Today was an excellent training day (see more about that at the bottom of this blog). We opted to take the "hilly" end of the Suncoast Trail because we suspect there might be a few hills once we clear the Florida border. It's tough to find hills in Florida but we lucked out that the north end of the Suncoast trail actually offers some challenging climbs.
When we first ventured to the north end of the trail about a month ago, the three of us panted and shifted into the lowest of gears just to make it to the top of each crest. Today, as we pedaled up the overpass to get onto the Suncoast trail, we all 3 noted how that climb is getting easier and easier. In fact, Frankenbutt stayed in the highest gear he has ever attempted on the overpass hill.
As we entered the trail and I fell into my cadence, I couldn't help but feel good. The air was crisp and the sun was shining and I pedaled along sorting out in my mind all the things I need to take care of at home. I heard my blackberry ding a few times but I was glad not to be able to look at it as I rode (I keep it stashed in a zippered front basket bag when I ride).
I found myself lost in my thoughts and taking in butterflies and cows and pigs along the trail side. There was even an adorable little jack russell mix pup just sitting in the grass on the side of the trail. I smiled at him and pedaled on and then noticed out of the corner of my eye something moving. I looked over my shoulder to find the sweet little dog tearing a path in my direction, with teeth bared. I was pretty far ahead of Frankenbutt and the Beast and recalled that the Beast had our emergency Pepper Spray. I shouted at the pup but it didn't deter him and he was soon taking jumps at my leg. I threw on the brakes and skidded to a halt and he ended up shooting past me, startled. At that moment, I noticed that I just skidded to a halt at the bottom of a slope, where I had built momentum, and was facing one of the bigger climbs on that end of the trail.
Crap! I hate when I don't get the advantage of momentum I've built up to use on a coming climb because of something dumb! This dog was the "dumb" of the moment. I found myself cursing the dog out which evidently must not happen at his home, because he froze and tilted his head side to side, looking stunned. About this time, Frankenbutt and the Beast catch up to me and from their perspective, I was harassing a sweet little dog who looked terrified. As they approached, the dog shot off into a field and disappeared.
Once I explained the incident, Frankenbutt instructed the Beast on the easiest way to use the pepper spray that sits in an easy access pocket on her handlebar bag. That was our first chasing dog incident and I'm sure it won't be the last. Note to self: get pepper sprays for Frankenbutt and me, too.
As the ride continued, we all discussed how much easier the longer distances are getting. Mind you, we did all have individual aches and pains but we made it 24 miles to the end of the trail, looking forward to a lunch break. Much to our surprise, the trail ended at a dead end and there was no access to local roads. We took a break at the picnic table and Frankenbutt looked up the closest place to eat while the Beast and I cracked and ate Pistachios.
Frankenbutt discovered that the closest restaurants were about 15 miles back from the way we came and would require getting off the trail for another 1-2 miles. We decided not to let our muscles cool down too much. We put our helmets on and headed back up the trail, feeling pretty good. When we reached the turn off into the town of Brooksville, there were no restaurants in sight. We got into our standard road riding formation, Frankenbutt at the rear, the Beast safely between us and me out front. We rode beside 3 lanes of traffic on our side and managed to maneuver around a substantial amount of road debris. I spotted a Panera Bread about a mile from where we left the trail and turned in.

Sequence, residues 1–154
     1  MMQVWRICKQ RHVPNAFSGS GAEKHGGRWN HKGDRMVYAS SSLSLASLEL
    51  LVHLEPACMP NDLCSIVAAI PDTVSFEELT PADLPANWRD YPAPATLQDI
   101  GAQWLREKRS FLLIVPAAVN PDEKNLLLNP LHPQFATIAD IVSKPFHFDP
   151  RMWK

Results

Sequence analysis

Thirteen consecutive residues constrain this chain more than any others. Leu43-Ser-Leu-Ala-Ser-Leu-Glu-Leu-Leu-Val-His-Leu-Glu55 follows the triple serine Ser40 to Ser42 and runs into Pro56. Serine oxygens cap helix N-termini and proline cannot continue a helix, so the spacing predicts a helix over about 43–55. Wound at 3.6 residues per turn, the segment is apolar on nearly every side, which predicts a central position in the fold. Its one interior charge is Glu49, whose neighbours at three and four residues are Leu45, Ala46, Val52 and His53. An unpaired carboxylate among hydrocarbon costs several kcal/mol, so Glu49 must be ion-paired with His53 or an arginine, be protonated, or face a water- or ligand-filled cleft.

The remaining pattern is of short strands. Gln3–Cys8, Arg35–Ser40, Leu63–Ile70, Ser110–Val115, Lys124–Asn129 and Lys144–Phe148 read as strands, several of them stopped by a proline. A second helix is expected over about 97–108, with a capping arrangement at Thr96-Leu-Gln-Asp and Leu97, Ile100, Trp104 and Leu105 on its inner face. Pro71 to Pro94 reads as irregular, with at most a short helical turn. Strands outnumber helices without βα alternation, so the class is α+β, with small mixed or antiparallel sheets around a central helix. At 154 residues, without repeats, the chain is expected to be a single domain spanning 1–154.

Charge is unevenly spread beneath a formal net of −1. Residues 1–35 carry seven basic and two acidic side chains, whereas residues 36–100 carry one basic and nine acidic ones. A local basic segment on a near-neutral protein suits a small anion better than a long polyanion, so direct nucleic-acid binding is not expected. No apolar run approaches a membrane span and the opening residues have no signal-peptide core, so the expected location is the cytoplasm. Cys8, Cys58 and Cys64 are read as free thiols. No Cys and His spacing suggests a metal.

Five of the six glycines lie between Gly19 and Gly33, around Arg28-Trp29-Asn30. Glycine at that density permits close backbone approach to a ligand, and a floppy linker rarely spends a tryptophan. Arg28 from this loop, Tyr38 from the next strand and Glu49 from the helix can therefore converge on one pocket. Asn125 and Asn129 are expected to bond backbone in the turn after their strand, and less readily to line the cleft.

Again, there were no bike racks anywhere to be found in the area. Finally, we gave in and hooked our bikes to a sign pole in front of the plaza. We ordered sandwiches and asked if we could refill our water bottles with ice and water. Frankenbutt recently purchased Camelback water bottles that provide terrific insulation and the water stays cool and good for hours. When our lunch order was ready, we sent the Beast to pick it up at the counter, laughing that we could ride so many miles and be too lazy to walk up to the counter ourselves.
Following lunch, we had to cross six lanes of traffic to get back over to the trail. We follow the national bicycling rules and recommendations and ride with the traffic, following traffic signals as if we were a vehicle, er, an automobile. I'll admit that the sound of traffic whizzing by is unnerving but it's a fact of the ride ahead.
We found our muscles had cooled down and we did a nice slow pedaling warm up as we got back on the trail. We also found that we were feeling a few more aches and pains. When I start feeling that way, I holler out to the Beast, "How many miles so far?" To my amazement she said "43". I asked Frankenbutt how much further, and he guestimated 7 miles. I did the math and realized that we were likely to hit 50 miles on today's ride.
WE DID! We rode 51 miles and lived to talk about it! I can't wait 'til we get out 65 mile per day, 3 day ride started. That's the training point we agree we need to reach in order to launch the ride prepared.
After resting for a half hour or so, I got up and was surprised to feel fine. Frankenbutt is a bit more achey and the Beast is just fine. We rode lots of miles, breathed fresh air
and smelled flowers in the air and moo'd at cows and shoo'd at a dog ... and we are ok.